The Drive Behind The Pitch
Many people can look back to their childhood years and think of the first sport they played. Whether it was batting in tee ball or kicking a soccer ball across the field, those memories take us back to a time that was much easier. Senior sports management major Lauren Rhodes has played softball ever since she can remember. Growing up with a dad who played men’s fastpitch softball helped shape her love for the sport. She said, “My dad put a bat in my hand as soon as I could hold it.” Rhodes believes watching her dad play when she was young gave her an advantage and inspired her drive.
Rhodes is currently a pitcher and infielder for Blackburn’s women’s softball team. One of her favorite parts about playing for the Beavers is the closeness between the players. Senior infielder Abigail Sutton has been on the team with Rhodes for four years. Sutton enjoys playing with her because she believes Rhodes gives her all. “As a third baseman she is fearless. As a pitcher she controls the game. When pitchers are working hard on the mound, fielders want to give everything they have to back up the pitcher and that’s the level of respect I have for Lauren,” she said.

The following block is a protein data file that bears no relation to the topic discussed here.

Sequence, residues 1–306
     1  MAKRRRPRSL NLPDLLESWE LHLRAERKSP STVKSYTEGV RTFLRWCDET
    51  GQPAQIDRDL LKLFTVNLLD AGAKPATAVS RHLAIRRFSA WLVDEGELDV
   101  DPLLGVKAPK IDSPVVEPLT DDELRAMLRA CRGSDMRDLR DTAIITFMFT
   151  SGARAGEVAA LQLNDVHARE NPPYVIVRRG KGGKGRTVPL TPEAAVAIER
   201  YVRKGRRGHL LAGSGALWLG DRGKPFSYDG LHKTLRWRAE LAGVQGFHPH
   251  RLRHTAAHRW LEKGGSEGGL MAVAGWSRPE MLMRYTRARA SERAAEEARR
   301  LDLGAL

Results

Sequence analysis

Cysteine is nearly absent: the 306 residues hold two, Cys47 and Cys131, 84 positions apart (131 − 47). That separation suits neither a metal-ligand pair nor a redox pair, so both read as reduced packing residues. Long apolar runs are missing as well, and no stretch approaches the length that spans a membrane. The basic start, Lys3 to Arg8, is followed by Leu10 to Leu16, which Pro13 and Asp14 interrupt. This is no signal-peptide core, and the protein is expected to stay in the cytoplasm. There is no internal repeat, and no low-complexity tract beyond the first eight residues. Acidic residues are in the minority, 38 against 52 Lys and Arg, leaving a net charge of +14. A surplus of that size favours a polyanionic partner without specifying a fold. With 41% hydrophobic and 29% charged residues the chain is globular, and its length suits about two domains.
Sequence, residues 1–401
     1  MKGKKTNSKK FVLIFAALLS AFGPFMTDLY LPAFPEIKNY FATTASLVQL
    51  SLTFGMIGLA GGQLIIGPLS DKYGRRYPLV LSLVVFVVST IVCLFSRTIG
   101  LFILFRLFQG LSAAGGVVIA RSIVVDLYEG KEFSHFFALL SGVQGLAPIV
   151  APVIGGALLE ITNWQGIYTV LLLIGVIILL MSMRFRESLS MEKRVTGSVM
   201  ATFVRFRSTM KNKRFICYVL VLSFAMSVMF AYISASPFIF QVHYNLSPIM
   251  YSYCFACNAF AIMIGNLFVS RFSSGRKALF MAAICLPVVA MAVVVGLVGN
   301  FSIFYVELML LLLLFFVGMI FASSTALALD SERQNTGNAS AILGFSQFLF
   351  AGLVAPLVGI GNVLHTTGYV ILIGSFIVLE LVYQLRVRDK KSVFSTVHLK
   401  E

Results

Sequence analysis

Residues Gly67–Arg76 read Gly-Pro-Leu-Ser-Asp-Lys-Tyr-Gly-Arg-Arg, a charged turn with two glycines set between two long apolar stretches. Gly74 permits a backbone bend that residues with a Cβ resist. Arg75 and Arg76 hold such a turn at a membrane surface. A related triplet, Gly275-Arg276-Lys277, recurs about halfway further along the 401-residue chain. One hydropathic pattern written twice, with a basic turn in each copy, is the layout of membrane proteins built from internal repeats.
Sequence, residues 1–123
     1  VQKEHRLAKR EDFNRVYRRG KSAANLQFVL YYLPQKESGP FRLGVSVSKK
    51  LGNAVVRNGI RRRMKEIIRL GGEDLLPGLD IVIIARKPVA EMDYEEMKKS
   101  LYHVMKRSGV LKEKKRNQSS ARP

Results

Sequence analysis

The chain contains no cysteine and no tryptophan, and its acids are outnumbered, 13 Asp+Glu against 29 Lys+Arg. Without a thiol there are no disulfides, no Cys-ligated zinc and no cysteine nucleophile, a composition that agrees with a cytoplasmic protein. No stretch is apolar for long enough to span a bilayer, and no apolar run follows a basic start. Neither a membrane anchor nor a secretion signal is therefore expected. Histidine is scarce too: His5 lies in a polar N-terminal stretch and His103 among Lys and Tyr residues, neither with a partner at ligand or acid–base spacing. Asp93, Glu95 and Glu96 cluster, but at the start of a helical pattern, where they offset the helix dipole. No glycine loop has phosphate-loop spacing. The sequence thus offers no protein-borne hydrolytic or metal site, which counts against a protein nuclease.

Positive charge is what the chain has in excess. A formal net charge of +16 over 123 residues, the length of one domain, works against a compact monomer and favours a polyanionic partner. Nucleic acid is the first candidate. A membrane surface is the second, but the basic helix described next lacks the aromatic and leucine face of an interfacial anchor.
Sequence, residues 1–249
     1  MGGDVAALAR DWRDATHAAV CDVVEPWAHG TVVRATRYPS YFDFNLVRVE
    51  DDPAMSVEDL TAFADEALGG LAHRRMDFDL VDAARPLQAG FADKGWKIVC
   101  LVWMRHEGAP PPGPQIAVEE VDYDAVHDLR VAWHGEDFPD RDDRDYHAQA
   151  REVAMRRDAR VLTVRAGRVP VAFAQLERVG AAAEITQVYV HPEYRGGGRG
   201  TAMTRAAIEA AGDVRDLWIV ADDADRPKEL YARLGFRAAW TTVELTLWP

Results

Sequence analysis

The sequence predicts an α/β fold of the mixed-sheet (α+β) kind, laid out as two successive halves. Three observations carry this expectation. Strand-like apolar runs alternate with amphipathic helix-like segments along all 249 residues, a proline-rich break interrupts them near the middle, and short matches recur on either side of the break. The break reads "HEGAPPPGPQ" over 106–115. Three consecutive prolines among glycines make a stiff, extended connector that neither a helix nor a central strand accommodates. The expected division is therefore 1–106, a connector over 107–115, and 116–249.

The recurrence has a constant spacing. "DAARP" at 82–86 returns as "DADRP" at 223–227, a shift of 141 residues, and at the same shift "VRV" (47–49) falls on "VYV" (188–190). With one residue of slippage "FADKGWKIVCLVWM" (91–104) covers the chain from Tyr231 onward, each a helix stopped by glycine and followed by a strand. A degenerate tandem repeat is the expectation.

When asked what the most difficult part of softball was, Rhodes said it was the toll on the body. During her sophomore year of high school, she tore her ACL. The injury typically requires nine months to a year of recovery time but she jumped back into the game within five months. She said, “I saw a doctor and he said, ‘Well, you can go get surgery or you can play.’ And I decided to suck it up and just deal with it.” Although the wound caused a drop in her numbers, she persevered. Injury struck again before Rhodes’ third season at Blackburn. “Prior to that season I had been working out, working my hardest to get back in shape. That was at the best I could be. And at the beginning of the season, before we even started games, I tore my labrum,” she said. Rhodes was still on the team, but she couldn’t play. It was one of the biggest challenges she had ever faced.
Throughout the 2015 season, Rhodes found a way to stay involved with the team: coaching. Sutton felt a lot of respect for her continued support of the team. Rhodes was at every practice and game. “Lauren didn’t have to do what she did while she was injured and I’m not sure how many people would dedicate themselves to a team the way she did,” she said. The experience inspired Rhodes to consider coaching as a career. She had the opportunity to help run practices and see what coaches go through. “It allowed me to see a different side of the game,” she said. “I definitely want to coach and help as many people as I can with the game of softball.”
The spring 2016 season has begun and Rhodes is back on the field. Sutton has noticed her improvements. “Her level of play is like she has never missed a single game. I know I’m excited to have her back,” she said. However, Rhodes doesn’t let her drive stop there. She was also accepted into a graduate program for kinesiology with an emphasis in sports management through the University of Central Missouri.